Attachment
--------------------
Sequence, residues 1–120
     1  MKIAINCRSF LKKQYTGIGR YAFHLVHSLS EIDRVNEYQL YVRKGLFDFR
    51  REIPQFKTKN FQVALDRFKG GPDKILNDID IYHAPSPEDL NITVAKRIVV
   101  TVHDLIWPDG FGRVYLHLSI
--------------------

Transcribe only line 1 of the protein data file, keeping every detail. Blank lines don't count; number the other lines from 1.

Sequence, residues 1–120